RESCUEicp

 

Title: Trial of Decompressive Craniectomy for Traumatic Intracranial Hypertension

 

 

Citation:

P.J. Hutchinson, A.G. Kolias, I.S. Timofeev, E.A. Corteen, M. Czosnyka,J. Timothy, I. Anderson, D.O. Bulters, A. Belli, C.A. Eynon, J. Wadley,A.D. Mendelow, P.M. Mitchell, M.H. Wilson, G. Critchley, J. Sahuquillo,A. Unterberg, F. Servadei, G.M. Teasdale, J.D. Pickard, D.K. Menon, G.D. Murray, and P.J. Kirkpatrick, for the RESCUEicp Trial Collaborators*

 

 

Back ground & Clinical Question:

Decompressive craniectomy (DC)  as a rescue measure for refractory raised ICP had been tested against possible medical therapy by DECRA trial.(1) The results of this trial did not favor decompressive craniectomy and was associated with more unfavorable outcome. In spite of a decrease in ICP achieved by decompressive craniectomy, it was not reflected as a better Extended Glasgow Outcome scale (GOS-E). The current study aimed to evaluate this uncertainty in clinical out come after decompressive craniectomy with a higher ICP value (>25mm Hg for 1 to 12 hours) as enrollment criteria for decompression.

 

Design:

Multicenter, parallel-group, superiority, randomized trial.

 

Setting (Population, Timeframe & Enrolment):

January 2004 to March 2014

Patients enrolled-

10 to 65 years of age

TBI with abnormal Computed tomography (CT) of brain

ICP monitor already placed

With ICP >25 mm Hg for 1 to 12 hours despite tier 1 & 2 therapy.

 

Intervention:

All patients received type 1 & 2 therapy.

Tier 1- sedation, analgesia, head elevation, neuromuscular paralysis (optional), Cerebral Perfusion Pressure (CPP) >60 mm Hg, normothermia, normoglycemia, mild hypocapnia (PaCO2 34-38 mm Hg and SPO2>97%.

Tier-2- Ventriculostomy (External ventricular drain EVD placement if not placed earlier), blood pressure augmentation by pharmacologic agents, osmotherapy, Modrate hypocapnia (PaCO2 30-34 mm hg), hypothermia (<34 degree C)

If ICP still remained >25 for 1 to 12 hours then tier-3 approach was followed

Tier-3- Patients randomly assigned to either undergo decompressive craniectomy with continuation of all previous medical therapy or only maximal medical therapy with or without barbiturate coma.

Any patient with immediate evacuation of hematoma but no craniectomy could be included.

Patients with bilateral fixed & dilated pupils, bleeding diathesis and any injury not compatible with life were excluded.

Decompressive Surgeries-

  1. Large unilateral fronto-temporo-parietal craniectomy for unilateral hemispheric brain swelling.

  2. Bifrontal craniectomy for diffuse brain swelling.

Surgeries were recommended to be performed no later than 4 to 6 hours after randomization. Crossover from medical to decompressive surgeries was allowed depending on discretion of treating physician.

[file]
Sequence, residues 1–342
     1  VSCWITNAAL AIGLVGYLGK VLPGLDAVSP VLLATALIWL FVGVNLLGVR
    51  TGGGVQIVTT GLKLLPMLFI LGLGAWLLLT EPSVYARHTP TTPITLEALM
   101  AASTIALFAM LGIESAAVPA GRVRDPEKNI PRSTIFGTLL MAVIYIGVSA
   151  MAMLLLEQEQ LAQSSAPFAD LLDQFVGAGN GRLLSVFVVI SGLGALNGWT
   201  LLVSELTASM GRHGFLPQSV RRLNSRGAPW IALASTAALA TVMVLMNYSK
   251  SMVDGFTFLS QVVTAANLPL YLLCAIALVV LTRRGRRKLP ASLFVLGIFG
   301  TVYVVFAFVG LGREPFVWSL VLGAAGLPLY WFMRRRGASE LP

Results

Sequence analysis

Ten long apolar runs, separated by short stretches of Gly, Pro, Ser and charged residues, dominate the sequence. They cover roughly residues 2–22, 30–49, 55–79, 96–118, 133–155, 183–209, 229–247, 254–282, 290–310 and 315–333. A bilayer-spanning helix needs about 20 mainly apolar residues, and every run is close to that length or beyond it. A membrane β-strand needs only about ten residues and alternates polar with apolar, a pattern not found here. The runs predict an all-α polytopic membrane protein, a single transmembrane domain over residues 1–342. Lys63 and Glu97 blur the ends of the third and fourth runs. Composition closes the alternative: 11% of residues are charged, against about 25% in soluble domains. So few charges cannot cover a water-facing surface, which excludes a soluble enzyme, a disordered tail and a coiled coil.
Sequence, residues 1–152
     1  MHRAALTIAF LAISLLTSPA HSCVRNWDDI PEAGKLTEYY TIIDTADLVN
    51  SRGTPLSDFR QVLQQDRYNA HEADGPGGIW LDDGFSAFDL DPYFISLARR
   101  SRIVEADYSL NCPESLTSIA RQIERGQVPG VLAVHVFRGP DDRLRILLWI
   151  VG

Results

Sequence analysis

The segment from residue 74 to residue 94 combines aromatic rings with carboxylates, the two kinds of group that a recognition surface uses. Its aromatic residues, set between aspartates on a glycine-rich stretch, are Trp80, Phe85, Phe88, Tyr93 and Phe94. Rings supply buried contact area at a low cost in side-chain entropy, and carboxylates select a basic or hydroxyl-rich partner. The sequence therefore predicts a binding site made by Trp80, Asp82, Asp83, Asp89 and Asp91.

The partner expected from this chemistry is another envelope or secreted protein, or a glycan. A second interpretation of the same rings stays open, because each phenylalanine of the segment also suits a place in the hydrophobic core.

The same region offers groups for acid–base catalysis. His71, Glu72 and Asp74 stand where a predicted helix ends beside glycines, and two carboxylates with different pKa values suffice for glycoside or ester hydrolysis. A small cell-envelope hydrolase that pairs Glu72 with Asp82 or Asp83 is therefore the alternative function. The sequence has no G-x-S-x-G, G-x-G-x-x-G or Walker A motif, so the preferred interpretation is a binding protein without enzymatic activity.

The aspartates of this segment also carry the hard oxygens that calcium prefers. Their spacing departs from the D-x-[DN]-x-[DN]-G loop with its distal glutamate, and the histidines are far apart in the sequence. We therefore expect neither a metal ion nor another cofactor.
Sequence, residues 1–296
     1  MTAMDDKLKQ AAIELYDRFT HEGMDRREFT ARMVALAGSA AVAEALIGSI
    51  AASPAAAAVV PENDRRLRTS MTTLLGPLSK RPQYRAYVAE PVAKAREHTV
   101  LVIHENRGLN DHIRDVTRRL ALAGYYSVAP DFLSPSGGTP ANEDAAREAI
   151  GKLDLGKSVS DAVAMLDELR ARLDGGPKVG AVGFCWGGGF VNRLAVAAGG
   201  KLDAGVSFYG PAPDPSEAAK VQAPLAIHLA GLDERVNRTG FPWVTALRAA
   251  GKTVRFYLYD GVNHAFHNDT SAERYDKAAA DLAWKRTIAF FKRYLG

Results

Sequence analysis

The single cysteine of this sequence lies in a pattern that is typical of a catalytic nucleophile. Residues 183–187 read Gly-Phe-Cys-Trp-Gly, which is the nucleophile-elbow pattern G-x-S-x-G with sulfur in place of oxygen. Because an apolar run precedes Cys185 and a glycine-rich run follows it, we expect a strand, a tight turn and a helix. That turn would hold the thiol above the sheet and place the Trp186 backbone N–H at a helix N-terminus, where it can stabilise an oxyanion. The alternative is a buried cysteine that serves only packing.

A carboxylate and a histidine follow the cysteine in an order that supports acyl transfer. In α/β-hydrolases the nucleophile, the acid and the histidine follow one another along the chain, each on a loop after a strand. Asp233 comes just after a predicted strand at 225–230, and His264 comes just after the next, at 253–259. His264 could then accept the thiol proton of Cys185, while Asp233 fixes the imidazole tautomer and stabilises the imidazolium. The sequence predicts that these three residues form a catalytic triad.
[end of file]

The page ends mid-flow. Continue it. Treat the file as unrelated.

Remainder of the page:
Outcome:

Primary outcome-

There was a definite survival advantage with decompressive craniectomy compared to medical management, which is seen both dependent and independent living at 6 and 12 months. Moderate and good recovery were similar in the two groups. GOS-E results did not show a significantly higher percentage of patients with a favorable outcome in the surgical group at 12 months of follow up. At the same time there were higher rates of vegetative state, lower severe disability, and upper severe disability in the surgical group.

The improved mortality in craniectomy group might have been due to the better control of ICP with surgical decompression. About 9% of patients in the surgical group did not have their intracranial pressure controlled and required barbiturate infusion.

 

Other secondary outcome measures-

Assessment of ICP control- Median reduction in ICP and the duration of ICP control was significantly better in the decompressive surgery group.

Median cerebral hypoperfusion index 60 (the number of end-hourly measures of cerebral perfusion pressure of <60 mm Hg divided by the total number of measurements, multiplied by 100)– Significantly less in decompressive surgery group.

 

 

Conclusion:

Though decompressive craniectomy can result in better survival rate and control of  ICP,  it did not reflect a better out come in terms of independent neurological recovery.

 

Strengths:

  1. Large multicenter trial with a follow up period of more than two years.

  2. More generalized enrollment of head injury patients compared to DECRA trial which excluded head injury patients with intracranial mass/hemorrhage

  3. More acceptable definition of refractory ICP compared to DECRA trial.

 

Weaknesses:

  1. The nature of trial is so obvious that effective blinding is impossible.

  2. This study did not incorporate any direct measures of cerebral oxygenation or cerebral blood flow, though the hypothesis was based on the fact that improved ICP control leads to better oxygen delivery to brain.

  3. Patients with fixed dilated pupils were excluded. This sign can be very non-specific and can not specify an irreversible brain damage.

  4. Bifrontotemporoparietal decompressive craniectomy was mentioned as the surgical decompression procedure in diffuse brain injury in the study protocol, instead bifronatal craniectomy was done. The impact of this change in type of procedure can have difference in impact and cannot be used for comparison with other historical study. There was also no mention why the study deviated from the original protocol.

  5. There was a significant cross over (37% of medically treated patients) from medical to rescue decompressive surgery. There was no mention of type of surgery done in these cases. Moreover, there was no comparison of outcomes between the two surgical procedure.